A suspected Tunisian extremist who shot two Swedish soccer fans in Brussels has been shot dead by police. The attack has raised questions about how the attacker, who was known to authorities, was able to obtain a military weapon.
On Tuesday, Belgian police shot and killed a suspected Tunisian extremist who was accused of gunning down two Swedish soccer fans in a shocking attack on a Brussels street. The incident has sent shockwaves through both Belgium and Sweden, leaving authorities and citizens searching for answers.
The attack, which was captured on amateur videos posted on social media, showed a man wearing an orange fluorescent vest pulling up on a scooter and opening fire on people getting out of a taxi. He then chased them into a building to continue his assault. The brazenness and cold-blooded nature of the attack has left many questioning how the suspect, who was known to police and thought to be radicalized, was able to obtain a military weapon and carry out such a horrific act.
Prime Minister Alexander De Croo condemned the attack, describing it as an act of extreme brutality committed with total cowardice. Security has been heightened in Brussels, particularly in areas linked to the Swedish community, and at Belgium’s southern border with France.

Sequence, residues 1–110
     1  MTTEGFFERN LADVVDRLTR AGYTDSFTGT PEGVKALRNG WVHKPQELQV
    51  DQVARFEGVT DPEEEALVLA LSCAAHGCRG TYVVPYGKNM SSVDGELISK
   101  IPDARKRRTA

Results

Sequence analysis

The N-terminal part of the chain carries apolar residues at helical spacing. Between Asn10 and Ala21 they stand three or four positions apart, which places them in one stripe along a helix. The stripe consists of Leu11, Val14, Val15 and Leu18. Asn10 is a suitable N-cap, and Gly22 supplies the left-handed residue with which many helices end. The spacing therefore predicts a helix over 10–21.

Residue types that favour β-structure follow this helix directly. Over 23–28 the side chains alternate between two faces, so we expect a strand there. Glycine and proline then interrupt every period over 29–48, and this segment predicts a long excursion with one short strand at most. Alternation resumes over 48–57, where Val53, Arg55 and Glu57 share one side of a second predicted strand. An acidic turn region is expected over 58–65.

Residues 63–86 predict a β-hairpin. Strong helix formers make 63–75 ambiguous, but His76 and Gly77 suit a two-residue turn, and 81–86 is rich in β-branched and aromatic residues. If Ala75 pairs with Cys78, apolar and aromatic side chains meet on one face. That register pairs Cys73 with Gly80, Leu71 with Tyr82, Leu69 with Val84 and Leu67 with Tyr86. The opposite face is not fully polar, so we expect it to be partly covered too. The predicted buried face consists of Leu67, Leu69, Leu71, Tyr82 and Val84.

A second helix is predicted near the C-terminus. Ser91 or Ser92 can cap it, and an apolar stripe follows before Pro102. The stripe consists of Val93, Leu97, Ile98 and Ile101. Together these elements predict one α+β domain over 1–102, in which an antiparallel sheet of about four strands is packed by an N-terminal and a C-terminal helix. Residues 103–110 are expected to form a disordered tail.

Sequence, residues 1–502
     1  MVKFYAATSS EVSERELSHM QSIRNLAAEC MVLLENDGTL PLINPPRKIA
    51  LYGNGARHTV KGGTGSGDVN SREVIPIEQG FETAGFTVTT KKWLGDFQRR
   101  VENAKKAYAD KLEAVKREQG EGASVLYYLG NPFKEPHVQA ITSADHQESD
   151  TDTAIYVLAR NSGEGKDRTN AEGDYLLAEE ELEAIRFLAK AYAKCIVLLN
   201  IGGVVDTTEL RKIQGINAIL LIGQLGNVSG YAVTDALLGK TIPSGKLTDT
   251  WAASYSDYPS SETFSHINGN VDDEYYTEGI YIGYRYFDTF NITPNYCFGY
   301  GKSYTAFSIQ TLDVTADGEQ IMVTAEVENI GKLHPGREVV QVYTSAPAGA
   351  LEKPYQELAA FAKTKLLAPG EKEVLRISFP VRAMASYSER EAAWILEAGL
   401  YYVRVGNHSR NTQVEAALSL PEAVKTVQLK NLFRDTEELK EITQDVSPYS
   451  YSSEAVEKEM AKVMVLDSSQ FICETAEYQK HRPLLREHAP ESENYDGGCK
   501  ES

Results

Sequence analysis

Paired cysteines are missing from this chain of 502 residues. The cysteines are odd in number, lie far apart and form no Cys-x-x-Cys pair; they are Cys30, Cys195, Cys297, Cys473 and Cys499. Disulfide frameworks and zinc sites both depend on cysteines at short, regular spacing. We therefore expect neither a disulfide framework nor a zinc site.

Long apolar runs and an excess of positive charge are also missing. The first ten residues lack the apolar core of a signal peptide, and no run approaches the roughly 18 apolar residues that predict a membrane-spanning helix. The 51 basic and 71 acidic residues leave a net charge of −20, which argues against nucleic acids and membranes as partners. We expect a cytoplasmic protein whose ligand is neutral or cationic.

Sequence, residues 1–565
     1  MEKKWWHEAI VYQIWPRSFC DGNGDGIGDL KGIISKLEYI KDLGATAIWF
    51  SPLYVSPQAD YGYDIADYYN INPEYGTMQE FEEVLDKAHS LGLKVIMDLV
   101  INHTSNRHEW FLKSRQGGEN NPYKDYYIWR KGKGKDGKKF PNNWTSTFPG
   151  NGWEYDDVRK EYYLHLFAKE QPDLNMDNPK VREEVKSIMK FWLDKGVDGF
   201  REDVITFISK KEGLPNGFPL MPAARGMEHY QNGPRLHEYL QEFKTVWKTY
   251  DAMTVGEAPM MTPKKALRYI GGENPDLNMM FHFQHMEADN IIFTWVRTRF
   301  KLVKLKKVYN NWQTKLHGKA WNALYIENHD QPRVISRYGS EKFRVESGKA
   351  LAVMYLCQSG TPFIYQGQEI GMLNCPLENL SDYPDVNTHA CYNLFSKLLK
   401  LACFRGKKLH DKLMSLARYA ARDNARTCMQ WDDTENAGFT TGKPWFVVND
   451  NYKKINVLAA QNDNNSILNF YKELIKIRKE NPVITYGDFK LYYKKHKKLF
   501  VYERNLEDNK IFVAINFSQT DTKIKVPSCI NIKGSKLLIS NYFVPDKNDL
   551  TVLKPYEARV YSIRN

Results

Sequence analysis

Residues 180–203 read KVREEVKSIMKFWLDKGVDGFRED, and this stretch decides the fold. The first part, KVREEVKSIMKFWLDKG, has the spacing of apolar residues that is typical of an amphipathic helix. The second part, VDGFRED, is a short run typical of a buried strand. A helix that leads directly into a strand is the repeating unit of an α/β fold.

Swedish Prime Minister Ulf Kristersson stated that the attack was specifically targeted at Swedish citizens, adding that the suspect had occasionally stayed in Sweden but was not on police files there. He emphasized the need for vigilance in monitoring the EU’s external border to prevent individuals from easily moving between European countries.
In response to the tragedy, Prime Minister De Croo announced that Kristersson has been invited to Brussels for a commemoration ceremony to mourn the victims and pay tribute to the work of the police. The attack claimed the lives of two men in their sixties and seventies, while a third man in his seventies was injured and remains in the hospital.
As investigations continue, questions remain regarding the motives behind the attack and the security measures in place to prevent such incidents. Belgium’s authorities had received information suggesting the suspect had been radicalized and intended to travel abroad for a holy war, but this was never confirmed, leading to his status as non-dangerous.
The incident serves as a tragic reminder of the need for constant vigilance and cooperation among European nations to combat terrorism and ensure the safety of their citizens..